For the past few months, the Education Department has been collecting donations primarily from Facebook posts. Our supporters are incredibly generous, and Erin and I were really touched by your contributions. We wanted to let you know that your contributions went to a very big need!
The Education Team has a quaint room in the big red barn that we use for our avian Education Ambassadors – affectionately called the “Bird Room”. Everything from food prep, medical exams, equipment storage, and beak and talon trims occur in this room. It is used daily, and accommodates quite a bit of traffic.
To be frank, the Bird Room was “well-used”, and was in need of some upgrades. The room was originally outfitted for a smaller staff and smaller collection of animals, but with the increase of our needs over the years, we had sort of outgrown it.
After months of saving up, we were able to transform the room into one that serves all of our growing needs, gave us a space we are proud to work in, and most importantly continue to give our Education Ambassadors excellent care.
Erin and I built up our arm strength moving all the old, very heavy “furniture” out of the room so we could start the process. We are a resourceful people here at Cedar Run, and seeing the many repurposed fixtures reminded me of that. (Some highlights include the old gym benches used as shelves to hold our transport boxes, and the metal lockers that kept our equipment and enrichment items).
First, we painted the floor and the window frames. I’m proud to say that the only casualty of this step was some paint in Erin’s hair – otherwise we escaped the peril of rouge paint unscathed! We diligently painted from the back of the room to the door, ensuring not to “island” ourselves in the room and not being able to leave. Our only mistake – forgetting to turn off the ceiling light in the middle of the room… Minor.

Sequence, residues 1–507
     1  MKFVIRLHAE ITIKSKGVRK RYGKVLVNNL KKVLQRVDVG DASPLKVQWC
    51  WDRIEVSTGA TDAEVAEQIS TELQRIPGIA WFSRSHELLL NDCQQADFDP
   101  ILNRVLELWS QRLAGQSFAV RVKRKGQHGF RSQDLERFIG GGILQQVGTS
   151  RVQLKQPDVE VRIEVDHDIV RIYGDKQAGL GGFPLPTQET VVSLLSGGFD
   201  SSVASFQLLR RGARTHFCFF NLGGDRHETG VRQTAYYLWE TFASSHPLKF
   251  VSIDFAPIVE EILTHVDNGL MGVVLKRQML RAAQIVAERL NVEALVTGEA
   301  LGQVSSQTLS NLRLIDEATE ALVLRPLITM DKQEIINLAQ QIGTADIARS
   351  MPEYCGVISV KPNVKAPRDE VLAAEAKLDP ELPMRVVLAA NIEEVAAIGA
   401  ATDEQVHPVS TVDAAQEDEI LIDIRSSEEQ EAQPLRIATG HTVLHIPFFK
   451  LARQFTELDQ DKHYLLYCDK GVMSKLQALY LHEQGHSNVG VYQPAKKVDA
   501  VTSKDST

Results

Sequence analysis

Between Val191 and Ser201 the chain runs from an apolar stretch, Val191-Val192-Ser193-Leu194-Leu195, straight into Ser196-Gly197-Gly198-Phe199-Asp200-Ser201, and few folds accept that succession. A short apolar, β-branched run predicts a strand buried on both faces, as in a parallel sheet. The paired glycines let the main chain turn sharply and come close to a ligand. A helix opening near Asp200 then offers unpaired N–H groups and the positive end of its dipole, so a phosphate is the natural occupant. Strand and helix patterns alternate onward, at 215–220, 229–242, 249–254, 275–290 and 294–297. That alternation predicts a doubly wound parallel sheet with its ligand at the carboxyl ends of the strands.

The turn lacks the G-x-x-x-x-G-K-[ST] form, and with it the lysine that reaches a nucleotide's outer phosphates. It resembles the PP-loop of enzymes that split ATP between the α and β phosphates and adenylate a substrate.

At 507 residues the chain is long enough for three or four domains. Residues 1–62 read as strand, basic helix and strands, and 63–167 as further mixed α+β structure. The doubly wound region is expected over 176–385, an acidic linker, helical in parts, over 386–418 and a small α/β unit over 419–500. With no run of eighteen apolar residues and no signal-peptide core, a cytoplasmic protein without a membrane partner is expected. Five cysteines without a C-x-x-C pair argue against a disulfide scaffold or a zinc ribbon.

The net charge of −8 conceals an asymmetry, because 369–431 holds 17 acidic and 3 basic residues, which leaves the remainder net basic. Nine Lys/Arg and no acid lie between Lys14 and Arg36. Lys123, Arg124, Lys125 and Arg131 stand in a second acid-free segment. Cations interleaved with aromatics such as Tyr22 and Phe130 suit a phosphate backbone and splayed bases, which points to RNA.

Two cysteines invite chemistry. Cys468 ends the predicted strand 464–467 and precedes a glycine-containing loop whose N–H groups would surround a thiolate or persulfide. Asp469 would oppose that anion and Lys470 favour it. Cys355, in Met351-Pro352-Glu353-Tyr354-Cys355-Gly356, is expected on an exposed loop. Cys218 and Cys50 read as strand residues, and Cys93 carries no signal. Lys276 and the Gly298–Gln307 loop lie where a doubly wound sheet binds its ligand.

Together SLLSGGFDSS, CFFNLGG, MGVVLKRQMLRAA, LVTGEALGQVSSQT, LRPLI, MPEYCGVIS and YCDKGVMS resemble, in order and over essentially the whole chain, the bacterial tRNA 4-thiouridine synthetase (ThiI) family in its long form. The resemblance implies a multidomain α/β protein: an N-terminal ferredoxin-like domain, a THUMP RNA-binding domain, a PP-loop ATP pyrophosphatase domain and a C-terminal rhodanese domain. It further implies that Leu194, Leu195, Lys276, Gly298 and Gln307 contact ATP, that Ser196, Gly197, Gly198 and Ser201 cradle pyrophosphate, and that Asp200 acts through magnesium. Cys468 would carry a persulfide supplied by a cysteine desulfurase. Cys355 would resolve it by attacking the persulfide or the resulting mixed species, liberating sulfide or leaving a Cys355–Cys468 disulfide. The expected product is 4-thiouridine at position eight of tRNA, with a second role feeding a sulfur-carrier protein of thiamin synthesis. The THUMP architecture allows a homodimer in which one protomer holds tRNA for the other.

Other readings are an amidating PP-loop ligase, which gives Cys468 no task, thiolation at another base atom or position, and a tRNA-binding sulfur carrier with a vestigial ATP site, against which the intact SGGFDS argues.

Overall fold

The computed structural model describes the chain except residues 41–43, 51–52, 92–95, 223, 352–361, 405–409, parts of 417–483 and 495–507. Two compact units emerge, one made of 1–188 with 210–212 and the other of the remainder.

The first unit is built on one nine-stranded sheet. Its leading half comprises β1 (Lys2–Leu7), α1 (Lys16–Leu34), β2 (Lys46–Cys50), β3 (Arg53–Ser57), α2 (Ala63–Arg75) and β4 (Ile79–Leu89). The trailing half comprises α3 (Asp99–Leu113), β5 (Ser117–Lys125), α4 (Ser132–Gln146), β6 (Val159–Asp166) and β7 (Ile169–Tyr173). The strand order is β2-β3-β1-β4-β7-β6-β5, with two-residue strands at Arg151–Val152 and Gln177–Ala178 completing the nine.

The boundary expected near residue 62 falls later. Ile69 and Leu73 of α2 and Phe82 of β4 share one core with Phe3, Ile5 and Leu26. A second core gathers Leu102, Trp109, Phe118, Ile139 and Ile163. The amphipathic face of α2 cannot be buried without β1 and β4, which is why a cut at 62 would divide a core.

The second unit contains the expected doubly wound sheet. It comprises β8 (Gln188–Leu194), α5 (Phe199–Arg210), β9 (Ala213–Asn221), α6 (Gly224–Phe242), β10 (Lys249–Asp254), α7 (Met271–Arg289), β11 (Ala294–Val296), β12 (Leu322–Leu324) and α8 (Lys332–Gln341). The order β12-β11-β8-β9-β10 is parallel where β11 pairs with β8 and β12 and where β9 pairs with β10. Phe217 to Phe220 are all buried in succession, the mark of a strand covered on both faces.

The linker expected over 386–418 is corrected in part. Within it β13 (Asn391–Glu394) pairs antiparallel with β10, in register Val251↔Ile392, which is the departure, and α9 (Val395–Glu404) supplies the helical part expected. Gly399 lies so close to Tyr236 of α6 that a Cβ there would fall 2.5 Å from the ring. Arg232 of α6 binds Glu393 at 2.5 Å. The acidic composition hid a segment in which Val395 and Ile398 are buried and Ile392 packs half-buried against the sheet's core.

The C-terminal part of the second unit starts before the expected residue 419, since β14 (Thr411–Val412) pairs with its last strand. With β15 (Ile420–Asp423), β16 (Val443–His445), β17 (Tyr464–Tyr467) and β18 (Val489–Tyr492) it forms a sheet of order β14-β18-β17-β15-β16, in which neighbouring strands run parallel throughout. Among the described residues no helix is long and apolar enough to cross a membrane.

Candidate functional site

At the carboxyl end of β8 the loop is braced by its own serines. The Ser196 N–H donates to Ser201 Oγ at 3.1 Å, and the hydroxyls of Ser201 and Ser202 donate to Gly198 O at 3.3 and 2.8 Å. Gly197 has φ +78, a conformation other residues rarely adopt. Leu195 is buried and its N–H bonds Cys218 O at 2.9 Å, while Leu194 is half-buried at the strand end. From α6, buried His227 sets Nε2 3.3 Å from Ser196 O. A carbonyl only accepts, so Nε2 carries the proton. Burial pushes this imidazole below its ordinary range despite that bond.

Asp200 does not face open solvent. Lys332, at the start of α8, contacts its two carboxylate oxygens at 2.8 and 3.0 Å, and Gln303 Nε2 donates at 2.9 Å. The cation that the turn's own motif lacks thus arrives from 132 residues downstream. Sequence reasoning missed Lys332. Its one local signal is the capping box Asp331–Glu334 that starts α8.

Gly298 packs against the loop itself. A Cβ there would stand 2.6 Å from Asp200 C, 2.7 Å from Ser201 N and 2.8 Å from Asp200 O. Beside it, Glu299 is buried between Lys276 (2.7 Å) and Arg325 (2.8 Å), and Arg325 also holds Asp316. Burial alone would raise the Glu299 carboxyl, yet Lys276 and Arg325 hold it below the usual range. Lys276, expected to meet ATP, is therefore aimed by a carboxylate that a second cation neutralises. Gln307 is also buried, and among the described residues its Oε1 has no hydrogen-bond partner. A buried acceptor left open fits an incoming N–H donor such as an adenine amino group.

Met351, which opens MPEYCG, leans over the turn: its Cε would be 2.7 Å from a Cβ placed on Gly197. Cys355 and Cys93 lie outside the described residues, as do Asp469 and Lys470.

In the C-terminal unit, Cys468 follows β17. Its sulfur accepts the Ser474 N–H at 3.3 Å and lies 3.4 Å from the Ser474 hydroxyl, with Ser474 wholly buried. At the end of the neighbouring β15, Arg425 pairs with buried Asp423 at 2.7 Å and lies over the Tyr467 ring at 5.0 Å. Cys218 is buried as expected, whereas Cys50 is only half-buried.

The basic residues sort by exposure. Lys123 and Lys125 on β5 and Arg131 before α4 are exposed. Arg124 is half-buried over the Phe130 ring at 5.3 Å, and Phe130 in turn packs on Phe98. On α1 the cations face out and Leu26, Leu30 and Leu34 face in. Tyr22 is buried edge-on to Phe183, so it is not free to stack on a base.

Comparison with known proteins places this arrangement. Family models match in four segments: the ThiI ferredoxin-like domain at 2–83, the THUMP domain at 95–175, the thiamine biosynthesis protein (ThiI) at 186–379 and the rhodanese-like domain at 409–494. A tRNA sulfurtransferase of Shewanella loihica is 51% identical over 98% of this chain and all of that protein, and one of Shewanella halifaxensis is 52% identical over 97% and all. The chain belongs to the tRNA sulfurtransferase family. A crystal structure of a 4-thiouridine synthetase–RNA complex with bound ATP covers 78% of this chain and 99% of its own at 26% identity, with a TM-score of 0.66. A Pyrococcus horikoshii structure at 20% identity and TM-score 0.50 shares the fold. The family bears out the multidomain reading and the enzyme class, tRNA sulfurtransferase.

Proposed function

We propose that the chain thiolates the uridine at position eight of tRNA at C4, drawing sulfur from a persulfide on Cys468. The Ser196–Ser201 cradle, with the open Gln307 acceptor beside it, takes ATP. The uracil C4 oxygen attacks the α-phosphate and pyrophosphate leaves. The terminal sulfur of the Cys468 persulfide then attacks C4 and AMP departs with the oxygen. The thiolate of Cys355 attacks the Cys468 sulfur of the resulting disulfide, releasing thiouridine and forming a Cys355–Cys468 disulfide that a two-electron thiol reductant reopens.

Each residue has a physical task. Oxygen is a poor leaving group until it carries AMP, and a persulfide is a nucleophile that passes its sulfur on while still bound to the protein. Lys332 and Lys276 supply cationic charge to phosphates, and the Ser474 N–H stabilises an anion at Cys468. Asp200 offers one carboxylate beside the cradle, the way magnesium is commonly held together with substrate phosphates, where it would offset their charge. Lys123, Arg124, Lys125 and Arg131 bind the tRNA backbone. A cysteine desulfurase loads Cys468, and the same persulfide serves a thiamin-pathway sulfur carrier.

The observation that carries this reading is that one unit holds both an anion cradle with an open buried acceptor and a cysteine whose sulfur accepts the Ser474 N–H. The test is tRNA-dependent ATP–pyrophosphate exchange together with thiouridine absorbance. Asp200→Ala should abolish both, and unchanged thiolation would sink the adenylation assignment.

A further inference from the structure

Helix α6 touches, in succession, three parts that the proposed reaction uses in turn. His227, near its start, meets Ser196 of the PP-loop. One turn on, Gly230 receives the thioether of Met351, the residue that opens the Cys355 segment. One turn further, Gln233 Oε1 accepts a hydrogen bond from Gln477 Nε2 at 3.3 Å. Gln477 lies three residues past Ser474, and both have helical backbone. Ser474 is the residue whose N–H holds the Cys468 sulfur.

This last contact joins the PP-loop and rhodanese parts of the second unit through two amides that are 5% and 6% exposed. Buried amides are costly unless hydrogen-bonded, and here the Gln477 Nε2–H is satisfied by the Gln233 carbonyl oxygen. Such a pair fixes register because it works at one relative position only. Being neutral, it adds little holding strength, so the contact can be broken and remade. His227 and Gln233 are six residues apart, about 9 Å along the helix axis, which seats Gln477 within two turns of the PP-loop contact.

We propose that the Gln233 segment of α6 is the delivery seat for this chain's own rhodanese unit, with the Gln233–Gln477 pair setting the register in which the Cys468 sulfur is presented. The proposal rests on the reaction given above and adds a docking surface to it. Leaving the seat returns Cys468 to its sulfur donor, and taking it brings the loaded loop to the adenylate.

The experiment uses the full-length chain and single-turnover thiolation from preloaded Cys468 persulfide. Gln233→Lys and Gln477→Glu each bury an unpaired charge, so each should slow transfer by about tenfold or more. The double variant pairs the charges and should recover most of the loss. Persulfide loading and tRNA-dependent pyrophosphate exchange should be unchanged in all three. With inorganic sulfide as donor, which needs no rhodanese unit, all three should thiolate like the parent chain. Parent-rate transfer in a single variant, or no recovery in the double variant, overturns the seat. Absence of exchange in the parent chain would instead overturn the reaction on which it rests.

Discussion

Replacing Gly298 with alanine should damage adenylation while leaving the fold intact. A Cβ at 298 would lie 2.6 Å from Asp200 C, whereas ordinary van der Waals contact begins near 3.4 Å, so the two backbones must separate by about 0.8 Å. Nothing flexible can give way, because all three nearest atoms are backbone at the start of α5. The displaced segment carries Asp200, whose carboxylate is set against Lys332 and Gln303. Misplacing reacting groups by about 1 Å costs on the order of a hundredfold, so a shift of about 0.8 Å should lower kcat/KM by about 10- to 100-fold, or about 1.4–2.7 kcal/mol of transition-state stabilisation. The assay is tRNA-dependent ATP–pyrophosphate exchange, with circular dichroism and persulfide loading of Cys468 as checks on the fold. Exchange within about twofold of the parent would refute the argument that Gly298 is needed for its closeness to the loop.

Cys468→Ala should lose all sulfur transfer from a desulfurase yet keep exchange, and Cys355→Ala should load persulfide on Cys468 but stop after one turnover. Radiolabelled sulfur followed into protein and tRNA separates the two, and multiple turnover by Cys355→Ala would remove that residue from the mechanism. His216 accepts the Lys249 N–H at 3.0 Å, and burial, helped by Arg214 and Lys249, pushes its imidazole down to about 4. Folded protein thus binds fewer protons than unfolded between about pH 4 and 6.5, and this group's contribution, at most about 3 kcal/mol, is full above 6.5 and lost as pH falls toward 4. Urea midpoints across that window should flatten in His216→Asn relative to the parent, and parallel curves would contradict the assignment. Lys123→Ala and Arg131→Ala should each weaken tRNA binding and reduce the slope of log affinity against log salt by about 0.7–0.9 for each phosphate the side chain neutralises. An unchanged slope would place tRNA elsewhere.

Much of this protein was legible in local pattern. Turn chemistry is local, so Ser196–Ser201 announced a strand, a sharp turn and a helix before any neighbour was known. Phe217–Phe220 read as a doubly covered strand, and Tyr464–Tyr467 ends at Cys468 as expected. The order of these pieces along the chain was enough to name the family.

Our orders were placed on Amazon, and every day Erin and I anxiously waited for the sound of the Fed-Ex truck in the drive. Honestly, it was more exciting than Christmas!
Finally, we had received all the new elements for our new room and we got to assembling. Assembling shelves, tables, lights, and book shelves is a funny thing… sometimes they come without directions. Sometimes, they come with directions that don’t make sense, and sometimes they come with funny little diagrams:
The first thing to be put together was the stainless steel prep table. Wow. What a beauty. It’s level (a quality our old prep table lacked), and able to accommodate many different responsibilities, but most importantly – it’s easily wiped down, and disinfected (a VERY important routine for hygiene, and our animals’ health).
Then, the shelves were assembled. Remember friends – read all the instructions before you go full speed ahead assembling something to avoid having to deconstruct the last step to move on to the next one that you accidentally passed. Not that that advice was learned in the putting together of our shelves…
The other elements of the room came together, including a new light for beak and talon trims, and the room felt so professional and beautiful. We were so excited for how these new fixtures would help us give better care to our birds!
I’m very thankful to work alongside a colleague who is handy, light-hearted, and is willing to hold two pieces of shelving supports together while I wack it with a hammer precariously close to her fingers and face. Trust exercise, right?
After a week of use, I’m proud to say our construction has held up, and this room is immensely helpful in it’s new utility. Sometimes new things make you appreciate how much the old things really needed to go. Most importantly, this will serve our Education Ambassadors so, so well, and be a room that will endure beak and talon trims, feedings, and medical visits for a long time to come. It’s easy to keep clean, organized, and adapt to the ever-changing needs of our schedules.
We owe this all to our generous supporters, and I really can’t thank you all enough! You are the reason we are able to continue to serve our community, educate tens of thousands of people annually, and rehabilitate over 5,000 wild animals every year to be returned to the wild.
–Lauren Edzenga, Environmental Educator